The industry is calling for a temporary solution to inflationary pressure, while experts examine whether end consumers will benefit from reduced VAT.
In response to the challenges that pet parents are facing due to inflation, national pet food manufacturers’ associations are calling on governments to consider a temporary reduction of the value-added tax (VAT) on pet supplies. They claim that pet food should not be treated as a luxury item.
Illogical in Italy
According to Italy’s Association for Pet Feeding and Care (ASSALCO), inflation has hit pet food sales the hardest where distribution channels showed more growth in value than in volume. Pet food sales in grocery stores – the country’s largest distribution channel – increased by 14% in value but only 0.4% in volume last year.
“It is illogical to impose 22% VAT on pet food and vet care, the same rate that applies to luxury goods,” says ASSALCO’s President Giorgio Massoni. Back in 2020, ASSALCO and the National Association of Italian Veterinarians (ANMVI) sent a letter to the Italian government asking for a long-term reduction in the VAT rate from 22% to 10% for pet food products, pet services and medicines.
An everyday essential in Germany
In Germany, pet food is considered an everyday consumer good and a VAT rate of 7% currently applies with the aim of reducing prices for the end consumer. The industry is keen to keep this reduced tax rate in place for pet supplies.
The German Pet Trade & Industry Association (ZZF) believes that pet food is an essential item. It warns that a higher VAT rate would make pet owners more likely to switch to feeding their pets more table scraps and homemade food.
Reluctance from policymakers
In Belgium, a recent proposal is calling to reduce the VAT on pet food from the current 21% to 6%. The federal government acknowledged that the cost of keeping pets had increased, but warned that a VAT reduction would benefit businesses rather than citizens.
“Pet parents will experience only a very small decrease in costs, while it will impose a heavy budgetary cost on the Federal Government,” says Belgium’s Deputy Prime Minister Vincent Van Quickenborne in response to a letter from animal rights organization GAIA.
Meanwhile, in France, the Federation of Food Manufacturers for dogs, cats, birds and other pets (FACCO) proposed that the VAT rate on pet food should be lowered from the current 20% to 5.5%. However, the proposal, registered as part of the 2023’s Finance Bill, was rejected in the Senate. Cutting the VAT on pet food products would have meant a loss of €420 million ($459M) in revenue for the nation’s finances.
The association now hopes to work on what it describes as the “best approach to resubmit the request within the framework of the Finance Bill for 2024”, which will be discussed and approved by the end of this year. FACCO regards the issue as “more central than ever” and says that a reduction of the tax applied to pet food would help households cope with inflation.
Request falls on deaf ears in the UK
In April 2022, the UK welfare charity Dog’s Trust asked the Chancellor of the Exchequer to remove VAT on veterinary services – including medicines – and pet food for a temporary period of 12 months. The letter, which was signed by 7 organizations, urged: “Removing the 20% VAT on pet food and veterinary- services costs could be critical to many pet owners at a time when interest rates as well as costs for energy, food and fuel have all rapidly increased.” However, according to Nicole Paley, Deputy Chief Executive of UK Pet Food, the government showed no signs of revisiting VAT applied to pet food.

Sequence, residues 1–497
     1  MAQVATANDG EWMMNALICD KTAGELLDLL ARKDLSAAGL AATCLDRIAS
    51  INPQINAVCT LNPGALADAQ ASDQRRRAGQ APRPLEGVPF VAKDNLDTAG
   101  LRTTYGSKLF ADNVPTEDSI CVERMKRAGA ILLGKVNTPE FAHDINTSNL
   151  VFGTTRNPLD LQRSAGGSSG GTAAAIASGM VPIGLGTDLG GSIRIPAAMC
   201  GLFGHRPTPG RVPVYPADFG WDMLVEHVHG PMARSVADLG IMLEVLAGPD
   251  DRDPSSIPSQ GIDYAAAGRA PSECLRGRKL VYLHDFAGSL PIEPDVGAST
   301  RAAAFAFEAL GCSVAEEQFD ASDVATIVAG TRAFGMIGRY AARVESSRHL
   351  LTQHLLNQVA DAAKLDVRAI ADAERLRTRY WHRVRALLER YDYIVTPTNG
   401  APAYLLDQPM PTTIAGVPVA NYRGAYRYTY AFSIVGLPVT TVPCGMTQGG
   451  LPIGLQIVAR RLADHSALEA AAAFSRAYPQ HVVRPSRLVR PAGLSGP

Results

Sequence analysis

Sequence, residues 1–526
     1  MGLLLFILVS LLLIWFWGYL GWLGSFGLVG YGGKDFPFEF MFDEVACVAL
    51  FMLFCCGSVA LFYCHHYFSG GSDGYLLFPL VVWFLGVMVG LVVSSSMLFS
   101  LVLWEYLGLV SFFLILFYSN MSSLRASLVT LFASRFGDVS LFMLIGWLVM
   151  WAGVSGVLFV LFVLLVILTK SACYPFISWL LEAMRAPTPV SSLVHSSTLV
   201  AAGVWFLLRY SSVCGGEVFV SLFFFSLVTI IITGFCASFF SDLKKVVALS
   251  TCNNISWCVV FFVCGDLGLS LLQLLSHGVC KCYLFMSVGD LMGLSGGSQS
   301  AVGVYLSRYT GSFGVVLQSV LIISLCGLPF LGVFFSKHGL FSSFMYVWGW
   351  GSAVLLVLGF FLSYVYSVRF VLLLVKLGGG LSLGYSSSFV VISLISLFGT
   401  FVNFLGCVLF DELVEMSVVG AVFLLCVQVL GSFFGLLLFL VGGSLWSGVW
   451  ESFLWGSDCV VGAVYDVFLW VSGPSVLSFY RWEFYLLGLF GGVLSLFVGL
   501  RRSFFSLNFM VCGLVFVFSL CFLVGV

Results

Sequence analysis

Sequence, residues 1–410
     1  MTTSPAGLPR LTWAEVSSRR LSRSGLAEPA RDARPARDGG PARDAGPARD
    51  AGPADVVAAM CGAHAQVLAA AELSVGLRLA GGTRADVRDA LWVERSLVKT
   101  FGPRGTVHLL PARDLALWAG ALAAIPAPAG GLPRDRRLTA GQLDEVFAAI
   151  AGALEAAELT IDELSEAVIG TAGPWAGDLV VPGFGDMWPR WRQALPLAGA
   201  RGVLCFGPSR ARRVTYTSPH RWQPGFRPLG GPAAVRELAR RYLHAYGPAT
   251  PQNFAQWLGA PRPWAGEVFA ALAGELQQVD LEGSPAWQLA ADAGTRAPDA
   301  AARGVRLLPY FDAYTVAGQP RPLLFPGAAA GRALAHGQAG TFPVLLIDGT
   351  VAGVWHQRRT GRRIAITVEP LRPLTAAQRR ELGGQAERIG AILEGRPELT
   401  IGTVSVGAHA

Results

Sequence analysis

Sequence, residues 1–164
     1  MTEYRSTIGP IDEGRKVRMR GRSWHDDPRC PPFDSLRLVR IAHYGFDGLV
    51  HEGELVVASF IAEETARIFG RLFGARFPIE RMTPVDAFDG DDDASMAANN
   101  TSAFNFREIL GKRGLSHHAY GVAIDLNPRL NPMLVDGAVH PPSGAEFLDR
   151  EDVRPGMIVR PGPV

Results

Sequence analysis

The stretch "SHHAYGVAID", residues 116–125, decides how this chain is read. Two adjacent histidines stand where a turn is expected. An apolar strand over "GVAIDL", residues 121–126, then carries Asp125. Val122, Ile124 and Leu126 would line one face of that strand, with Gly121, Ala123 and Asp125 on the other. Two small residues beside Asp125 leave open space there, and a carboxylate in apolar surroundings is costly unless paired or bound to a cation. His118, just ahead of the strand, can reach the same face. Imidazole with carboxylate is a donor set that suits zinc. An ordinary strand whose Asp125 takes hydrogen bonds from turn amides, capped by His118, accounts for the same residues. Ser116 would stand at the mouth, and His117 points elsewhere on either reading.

What is the real impact?
Experts agree that the impact of a tax reduction could be beneficial for pet parents in theory, but the reality might be different. James Hoverd, VAT associate at RSM UK, warns that businesses are also feeling the impact of the rising cost of living and high inflation, so pet food manufacturers and retailers could decide to use a reduction in VAT to increase their own revenue rather than passing the benefits onto shoppers.
“If the manufacturers and/or suppliers of the pet food choose to keep the same price even though there has been a reduction in the rate of VAT, then there would be little benefit to end consumers. The result could therefore be that end customers would continue to pay the same purchase price, even if the applicable VAT rate was reduced,” he explains in an interview with PETS International.
The cost to public finances
Since April 2022, EU member states have been allowed to apply a reduced rate of VAT – as little as 5% or even the zero rate – to pet food products, as they are considered products that cover basic needs. But as Hoverd points out, any changes in the VAT rate must be thought about carefully: “This will include consideration of the complexity in implementing the legislation, as well as the potential loss of tax revenue in the case of applying a lower taxable VAT rate to goods.”
The European pet food market is currently worth around €39 billion ($42.6B). Therefore, a reduction of the VAT rate for pet food to between 5% and 0% would suggest a cost to public finances of between €6.2 ($6.75) and €8.1 billion ($8.85B).
How long is ‘temporary’?
Moreover, it is not clear for how long these temporary VAT reduction measures should remain in place. Nevertheless, there is a general consensus that they should last for a significant period of time. According to Hoverd, this allows for the benefits to “properly flow through the supply chains and be passed on to end customers”.
“If a reduction to the rate of VAT on pet food is intended to support consumers through the current cost-of-living crisis, then a reasonable timeframe would appear to be one that aligns to expectations for when inflation and the economy will return to a more stable state,” he concludes.
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